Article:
Thursday, July 29, 2010

One Night at Remote Posting

My best friend has been posted to a remote school under Zhemgang dzongkhag as a teacher. After a fortnight of his placement was announced, I accompanied him to his school. It was in 2009. 

His school is six hours walking from the nearest road. About 30 households scattered all around the school. The whole settlement is covered with corn fields at zenith, a stream flows serenely. There’s no electricity, no mobile network, and no BHU.

It was early evening when we reached the school, exhaustingly tired. Senior teachers of the school flocked to greet the new lopen. Other members of the locality also came with packaged gifts of local dairy products and arra. To be a teacher in a remote place earns an insurmountable respect, I knew then. 

Nearby the school, a CGI roofed and bamboo wall hut perched. It’s a shop that serves all the purposes to its locality. “Everything is available here. This is a one-stop shop,” informed us one of teachers who took us there.

I looked inside the shop with an insane curiosity. A corner, right side of the shop, serves a grocery. Vegetables were displayed on the floor. Just above it unarranged garments were hung. In the left corner were a few bunches of umbrellas and satchels. Fungid cookies and sweets were displayed in the counter table.

Senior teachers showed us a room inside the shop. As we entered the room, a woman in her mid 30s stood in a corner.

“Sirs, which brand of beverages you prefer? HIT? Eagle? Druk 11,000? Or other hard drinks?” another senior teacher asked us adding that, “But here we always drink Druk 11,000.”

Now I knew that this room serves as a bar to this locality and illegal one too. “This is the only entertainment we have here. Every evening we come here and drink,” he said. He confessed that he never touched alcohol before but after being transferred here he became an alcoholic.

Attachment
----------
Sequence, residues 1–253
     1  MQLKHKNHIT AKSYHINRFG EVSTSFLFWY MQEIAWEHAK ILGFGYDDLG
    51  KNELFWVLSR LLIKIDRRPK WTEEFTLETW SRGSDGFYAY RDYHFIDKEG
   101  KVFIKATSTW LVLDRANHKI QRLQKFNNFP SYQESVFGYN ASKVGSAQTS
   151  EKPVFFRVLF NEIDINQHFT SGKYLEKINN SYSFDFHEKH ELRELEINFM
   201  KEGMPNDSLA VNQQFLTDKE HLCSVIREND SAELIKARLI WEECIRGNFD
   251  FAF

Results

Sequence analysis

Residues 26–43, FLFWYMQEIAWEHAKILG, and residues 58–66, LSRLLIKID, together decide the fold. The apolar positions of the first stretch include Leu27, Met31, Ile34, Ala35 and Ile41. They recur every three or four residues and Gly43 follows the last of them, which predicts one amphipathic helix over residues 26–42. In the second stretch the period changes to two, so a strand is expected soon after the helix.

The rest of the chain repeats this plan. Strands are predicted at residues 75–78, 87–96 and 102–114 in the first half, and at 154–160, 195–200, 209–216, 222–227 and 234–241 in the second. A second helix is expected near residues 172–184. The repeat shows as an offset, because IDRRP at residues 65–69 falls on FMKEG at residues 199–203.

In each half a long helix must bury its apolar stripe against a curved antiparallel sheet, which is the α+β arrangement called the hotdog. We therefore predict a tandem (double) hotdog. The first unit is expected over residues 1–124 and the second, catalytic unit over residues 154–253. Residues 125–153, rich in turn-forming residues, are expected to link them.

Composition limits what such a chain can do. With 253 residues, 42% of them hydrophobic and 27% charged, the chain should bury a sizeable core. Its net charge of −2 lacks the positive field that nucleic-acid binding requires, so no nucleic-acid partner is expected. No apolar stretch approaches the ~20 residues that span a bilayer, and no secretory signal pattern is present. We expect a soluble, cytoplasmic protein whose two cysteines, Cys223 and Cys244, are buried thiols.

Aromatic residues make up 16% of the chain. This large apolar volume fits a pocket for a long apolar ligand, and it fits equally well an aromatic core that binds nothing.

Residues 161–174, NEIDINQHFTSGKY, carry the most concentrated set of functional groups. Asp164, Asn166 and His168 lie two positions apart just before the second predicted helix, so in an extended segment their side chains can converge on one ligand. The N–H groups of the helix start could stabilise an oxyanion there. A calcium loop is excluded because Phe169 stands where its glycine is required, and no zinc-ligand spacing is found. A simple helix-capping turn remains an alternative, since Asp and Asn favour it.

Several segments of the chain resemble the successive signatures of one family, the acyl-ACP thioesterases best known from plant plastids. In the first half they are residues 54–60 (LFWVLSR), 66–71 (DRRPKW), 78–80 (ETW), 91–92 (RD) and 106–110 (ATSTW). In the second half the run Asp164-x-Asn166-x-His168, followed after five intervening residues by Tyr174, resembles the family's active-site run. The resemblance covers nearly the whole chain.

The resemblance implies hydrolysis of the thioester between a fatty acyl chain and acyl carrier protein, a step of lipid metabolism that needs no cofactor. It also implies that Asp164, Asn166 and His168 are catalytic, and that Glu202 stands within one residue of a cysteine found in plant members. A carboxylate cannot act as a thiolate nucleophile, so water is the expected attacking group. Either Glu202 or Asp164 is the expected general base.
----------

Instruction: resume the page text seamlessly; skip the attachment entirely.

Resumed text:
The woman from the corner said that she has a good stock of bangchang (locally fermented wine from millet). I felt that I should try it. From a huge container, she put about two kilos of bangchang in a pot and stirred it.

Ah! The bangchang is so tasty and strong. Senior teachers told me that it has about 20 percent of alcohol. The woman sat cross-legged in front of us. In a typical Kheng tradition, she poured the bangchang in my cup as I took each sip.

I felt that I had enough as I could remember that I had 10 cups of bangchang. But the maid was still there to pour another ladle full of bangchang in my cup and each time she poured, she says, “Shays sir, shays la.”

I realized, finally, that I can't take anymore. I denied. But I always lost to her enticing insistence and again left with another task to finish a cup of bangchang. “You don’t fit to become our son-in-law if you can’t take another cup of bangchang,” she mused at me rather hypnotically.
I didn’t know how many cups of bangchang I had that night. My other friends were so engrossed in their conversation and their drinking. Their talk ranged from the political parties and GNH to women and sex.

As time went on, I could only distinguish their talk from their laughter and in due course everything sounded like humming bees and blurring. I didn’t know anything that happened to me after that.

When I opened my eyes it was morning and I was sleeping in a strange place. The hangover was so severe that I couldn’t wake up from the bed right away. I felt so weak and sick suffering from giddiness. Slowly I could walk from the room to the toilet, but only to vomit again and again. I felt that I was nearing death. 
That noon, a group of villagers were going to the town and they agreed to accompany me. Instantly I informed my friend that I was going back home.  But other school staff insisted me to stay back, “Stay back, friend. We have volleyball match this evening. And the bet is one case of Druk 11,000.” Oops! Secretly I packed things in my bag and sneaked out of the place, unnoticed.

Photo courtesy: Tempa Wangdi